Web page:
Straightforwardness Delivers Results

Simple, straightforward language. 

That’s the most powerful, effective way to communicate value propositions to prospects. Anything more can get confused or lost in translation.

Taking a cue from the FinTech industry, let’s examine the life of a financial advisor for a moment. Clarity helps thousands of advisors communicate their proposal. Two essential means to differentiate your firm are: 

  1. Simplify your message
  2. Explain your (often niche) value proposition without gimmicks

 As an advisor, having the knowledge, skills, and capabilities to tailor a financial plan, establish and follow a rigorous investment strategy, and maintain a solid set of books and records are vital — no doubt about that. However, on a first date would we ever talk about having kids, where we want to be buried, and where we’d like to spend our retirement together? Probably not — unless you want to scare off your date! In other news, you kept your dating message simple and didn’t go into detail — yet. Same is true for your business, find a way to simplify your message. Life (and working relationships) is a journey; it will take some time to get to a level of comfort. 

Many websites and proposals lay out an unfathomable amount of information. How often have investors been scared off by 100 pages of “light reading” or didn’t click “contact us!” on a website because they got overwhelmed with options? Boil it down to one or two takeaways for the investor. It’s not about convincing them all of the ways you can serve them, but something short, something memorable.  

As a thought exercise, pick a field you’re not very familiar with—dentists, contractors, plumbers, or a family practice doctor. Look up local websites and act as if you were vetting them because you were interested in switching. Is their message clear? Do you know what they do or their specialization? Do they give you a convincing reason for why they are the answer? If you are convinced to get in touch, do they have a smooth, quick way to get hold of them without losing you as a prospect? Are you looking to solve 5-10 things all at once, or just get started with the first thing? 

In the same way, demonstrate a simple, easy-to-grasp message to explain your firm in light of your niche. Many investors want your services, but they want to vet their choices. A significant component is ensuring you’re the clearest — not the loudest or flashiest. They need you, not a fancy website. They may want to know the technical components later in your relationship. Right now, they want clarity instead of enough information to make their eyes glaze over, just like our dating analogy up above. A few concrete examples of how you can improve your presentations:

  • Common ground. Start by focusing on what matters to your client. Ever try to win an argument by starting from the point of disagreement? Instead, find your common ground. Discuss why you agree there. Then realize you agree on 90%, and then with that as a reference point, discuss the remaining 10%.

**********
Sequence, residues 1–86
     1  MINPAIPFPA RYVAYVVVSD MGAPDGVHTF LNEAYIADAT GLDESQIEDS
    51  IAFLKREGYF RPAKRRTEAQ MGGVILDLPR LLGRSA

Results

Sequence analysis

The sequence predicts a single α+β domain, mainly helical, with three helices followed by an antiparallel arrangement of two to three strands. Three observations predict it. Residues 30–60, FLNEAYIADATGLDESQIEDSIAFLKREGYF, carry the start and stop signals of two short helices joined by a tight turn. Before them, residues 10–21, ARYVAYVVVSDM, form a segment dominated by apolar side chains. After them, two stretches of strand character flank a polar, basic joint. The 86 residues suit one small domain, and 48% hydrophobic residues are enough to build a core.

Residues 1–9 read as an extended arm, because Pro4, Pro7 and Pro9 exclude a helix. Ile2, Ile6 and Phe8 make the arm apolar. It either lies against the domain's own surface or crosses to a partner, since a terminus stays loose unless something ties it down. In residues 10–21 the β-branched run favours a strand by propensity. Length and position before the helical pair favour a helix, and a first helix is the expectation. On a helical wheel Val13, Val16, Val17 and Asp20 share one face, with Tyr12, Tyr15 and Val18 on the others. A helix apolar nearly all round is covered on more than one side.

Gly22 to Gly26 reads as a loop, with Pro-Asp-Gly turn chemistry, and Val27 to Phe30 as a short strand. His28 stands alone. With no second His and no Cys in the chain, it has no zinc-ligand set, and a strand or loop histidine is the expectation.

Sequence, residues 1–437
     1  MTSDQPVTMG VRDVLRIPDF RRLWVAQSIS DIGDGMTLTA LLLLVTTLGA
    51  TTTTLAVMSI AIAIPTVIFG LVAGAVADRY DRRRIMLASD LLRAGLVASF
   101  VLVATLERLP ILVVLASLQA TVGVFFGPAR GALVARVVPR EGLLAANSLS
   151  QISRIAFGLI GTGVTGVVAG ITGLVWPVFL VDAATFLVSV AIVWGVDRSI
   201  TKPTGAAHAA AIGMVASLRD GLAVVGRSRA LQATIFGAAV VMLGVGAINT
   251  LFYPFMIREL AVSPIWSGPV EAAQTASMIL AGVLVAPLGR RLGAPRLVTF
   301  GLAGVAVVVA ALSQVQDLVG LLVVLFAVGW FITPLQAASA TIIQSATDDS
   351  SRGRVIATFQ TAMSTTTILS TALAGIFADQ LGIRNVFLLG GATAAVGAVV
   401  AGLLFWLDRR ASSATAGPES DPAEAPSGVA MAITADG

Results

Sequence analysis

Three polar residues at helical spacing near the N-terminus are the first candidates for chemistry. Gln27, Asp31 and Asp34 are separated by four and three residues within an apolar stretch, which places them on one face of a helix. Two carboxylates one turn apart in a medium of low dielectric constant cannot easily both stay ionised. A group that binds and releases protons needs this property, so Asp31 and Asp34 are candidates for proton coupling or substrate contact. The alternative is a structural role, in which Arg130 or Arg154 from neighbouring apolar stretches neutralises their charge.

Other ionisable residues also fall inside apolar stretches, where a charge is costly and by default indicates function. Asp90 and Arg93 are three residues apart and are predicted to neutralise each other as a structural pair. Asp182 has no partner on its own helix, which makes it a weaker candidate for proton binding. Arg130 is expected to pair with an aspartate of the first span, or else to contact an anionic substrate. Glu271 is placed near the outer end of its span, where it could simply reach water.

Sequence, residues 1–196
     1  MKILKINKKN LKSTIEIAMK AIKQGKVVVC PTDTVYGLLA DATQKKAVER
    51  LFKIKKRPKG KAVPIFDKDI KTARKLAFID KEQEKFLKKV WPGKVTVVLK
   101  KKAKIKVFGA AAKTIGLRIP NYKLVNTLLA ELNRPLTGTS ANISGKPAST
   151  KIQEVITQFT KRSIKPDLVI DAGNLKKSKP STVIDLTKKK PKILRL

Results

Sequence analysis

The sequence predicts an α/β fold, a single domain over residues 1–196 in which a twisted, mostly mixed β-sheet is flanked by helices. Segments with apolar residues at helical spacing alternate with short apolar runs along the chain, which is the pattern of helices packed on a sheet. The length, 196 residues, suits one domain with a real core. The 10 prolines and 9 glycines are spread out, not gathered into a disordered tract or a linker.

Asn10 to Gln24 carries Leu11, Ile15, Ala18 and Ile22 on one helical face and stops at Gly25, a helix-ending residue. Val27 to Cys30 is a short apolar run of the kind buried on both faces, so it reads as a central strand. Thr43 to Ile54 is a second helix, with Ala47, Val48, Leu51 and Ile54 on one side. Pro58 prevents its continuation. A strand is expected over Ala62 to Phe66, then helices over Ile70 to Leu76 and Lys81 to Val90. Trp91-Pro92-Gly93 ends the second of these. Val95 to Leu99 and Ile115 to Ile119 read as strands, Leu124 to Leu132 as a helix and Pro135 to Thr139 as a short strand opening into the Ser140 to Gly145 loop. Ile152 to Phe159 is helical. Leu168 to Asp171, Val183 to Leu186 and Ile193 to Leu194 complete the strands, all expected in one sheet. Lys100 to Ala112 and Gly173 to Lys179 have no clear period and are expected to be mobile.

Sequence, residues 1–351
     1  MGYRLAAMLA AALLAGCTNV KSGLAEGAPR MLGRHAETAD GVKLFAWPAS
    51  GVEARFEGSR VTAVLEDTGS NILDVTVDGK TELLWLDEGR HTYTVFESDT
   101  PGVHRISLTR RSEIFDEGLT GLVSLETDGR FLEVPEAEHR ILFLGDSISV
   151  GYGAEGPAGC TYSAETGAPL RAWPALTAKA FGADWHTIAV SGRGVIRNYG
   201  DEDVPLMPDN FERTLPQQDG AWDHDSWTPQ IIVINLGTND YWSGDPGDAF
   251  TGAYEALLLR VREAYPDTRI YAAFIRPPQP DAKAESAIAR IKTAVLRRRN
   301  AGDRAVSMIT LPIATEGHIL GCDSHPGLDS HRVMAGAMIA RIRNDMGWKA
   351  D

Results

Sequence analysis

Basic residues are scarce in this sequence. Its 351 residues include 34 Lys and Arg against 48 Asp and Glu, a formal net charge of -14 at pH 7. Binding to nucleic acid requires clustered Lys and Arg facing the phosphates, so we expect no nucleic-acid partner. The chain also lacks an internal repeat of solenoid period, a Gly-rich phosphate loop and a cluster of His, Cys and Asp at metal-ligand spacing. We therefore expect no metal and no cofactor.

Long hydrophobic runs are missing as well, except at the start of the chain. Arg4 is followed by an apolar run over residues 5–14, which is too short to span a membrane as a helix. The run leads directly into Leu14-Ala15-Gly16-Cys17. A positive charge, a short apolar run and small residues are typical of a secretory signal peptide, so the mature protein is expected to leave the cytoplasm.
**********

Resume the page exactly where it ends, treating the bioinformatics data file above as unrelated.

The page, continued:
• Brevity is king. Shorten your client reports. Do they need to be thatlong? What can you cut out that isn’t absolutely necessary? Alternatively, what could you cut out that you could merely mention, “I reviewed XYZ too, but I just wanted to focus on this for now. If you’re interested in XYZ, just let me know a good time to discuss it.”
  • Client-centricity. Similar to the reports, prepare your meetings for what matters to your client. It may make sense to prepare ten different analyses, but if your client isn’t ready for it, slow down. When I was a practicing CPA, I once gave a client their “management recommendations” list which encompassed well over 15 items they needed to “fix.” While I naively thought this was perfectly helpful, it was overwhelming and defeating to them. All they saw were how terrible I thought their processes were. I could have proposed a solution in a more straightforward, more step-by-step manner to get to the same conclusion of helping them become a better version.

 As you’re thinking about who you are and how to serve your clients and future clients, remember to keep it simple. They should walk away with that single, memorable line. In a word: clarity.

Need an elevator pitch? Try one of these: 

  • A lot of people know how much they have, but they don’t know if that is enough. I help investors learn their chances for success, discover any potholes in their future, and find ways over, under, around, and through.
  • Many good people want to do the right thing and provide for their future self, but they don’t know how. They want to avoid the costly mistakes they read about in the paper. I help guide people to make the right decisions so they get that future they want.

Published by Jeff Beaumont

I love helping companies scale and grow their organizations to delight customers and employees, enabling healthy teams, fast growth, and fewer headaches. Scaling quickly is wrought with potholes and plot twists. When you’re running a company, losing customers, and employees are on their way out, and don’t have your systems running smoothly, then you’ll be at your wits' end. I've been there and hate it.

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